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Quotes of the Day for July 30, 2021 – Thoughts on understanding and living what we have received

“It takes the spiritual gift of discernment to recognize the difference between what comes from our own ego and what comes from the Spirit of Christ. What originates in our ego comes from our own pride. But we receive what is of Christ. We can only accept it with humility and gratitude as a gift…humility will realize that whatever wisdom, knowledge, spiritual gifts, and blessings it has, it has received.” (Fr. Basil)


“Saint Paul urges us to be careful not to detach the forms of faith from heartfelt worship. “Pharisaism” can overtake us as readily as it did pious Jews in the first century. Simply claiming to know God’s will… and identifying ourselves as members of the faithful is not enough (see Rom 2:17-18)! A total, lived conversion to Christ is required. If we lay claim to this holy faith that rejects stealing, adultery, and other sinful deeds, we must avoid dallying with such evils even in our minds – let alone practicing them (vss. 19-24)! Having received Christ, we humble ourselves before Him and enter into the struggle for purity of heart, by God’s grace…He is the sole source of all true blessings that can be known, received, and enjoyed in every aspect of this life…His blessings come upon us and find us…” (Dynamis 6/25/2021, 7/16/2019)


“Those men who received power from God never used that power as if it were their own but referred the power to Him from whom they received it; for the power itself could never have any force except through the name of Him who gave it. And so both the apostles and all the servants of God never did anything in their own name but in the name and invocation of Christ. For the power itself derived its force from the same source as its origin, and it could not be given through the instrumentality of the ministers, unless it had come from the Author.” (St. John Cassian)


“There is a “clash of narratives” as Christ stands before Pontius Pilate. Pilate imagines that the Roman Imperium is the true narrative and defining story of the world. He threatens Christ, “Don’t you know I have the power to kill you or to release you?” For Christ, the Roman Imperium is but a passing moment within the salvific providence of God. “You would have no power over me were it not given to you from above.” This same clash of narratives occurs day-by-day in our own lives, though we rarely notice. We hear the dominant cultural narrative announce its importance and power. Our response is anxiety and concern flows from the fact that we believe its claims to be true. Imagine Pontius Pilate’s shock at being told that he would have “no power” over Jesus had it not been given to him by God (“from above”). It is Christ’s complete dismissal of the Roman narrative. The martyrs of the early Church lived in the same dismissal. Their faith was the full acceptance of the narrative we have received from God in Christ. Christ’s death and resurrection is the final word of God on the outcome of human history. In Christ, history comes to an end, and we won. That quiet assurance eventually led to the complete failure of Rome’s claims. The danger resurfaces, however, as converted empires, and their secularized children, begin to assert new narratives that seek to replace the gospel of the Kingdom of God with the bastardized gospel of progress and human perfection.” (Father Stephen Freeman)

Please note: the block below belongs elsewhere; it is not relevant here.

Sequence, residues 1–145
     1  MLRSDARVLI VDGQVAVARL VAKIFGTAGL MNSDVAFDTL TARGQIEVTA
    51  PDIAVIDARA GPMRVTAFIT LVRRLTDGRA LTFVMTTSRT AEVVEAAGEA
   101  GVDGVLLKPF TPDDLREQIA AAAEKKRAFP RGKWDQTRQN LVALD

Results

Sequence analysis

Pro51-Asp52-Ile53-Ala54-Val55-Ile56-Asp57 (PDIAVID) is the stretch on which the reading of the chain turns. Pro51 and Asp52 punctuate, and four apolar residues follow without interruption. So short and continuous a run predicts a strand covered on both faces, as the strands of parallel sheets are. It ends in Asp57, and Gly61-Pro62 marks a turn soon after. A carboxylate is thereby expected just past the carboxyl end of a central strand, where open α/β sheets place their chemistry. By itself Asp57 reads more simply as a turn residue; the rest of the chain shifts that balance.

“Whoever has love receives other gifts as well. Whoever does not have love loses even the gifts he appeared to have received.” (St. Gregory the Great)


#FrBasil #Dynamis #StJohnCassian #FatherStephenFreeman #StGregorytheGreat


Quote of the Day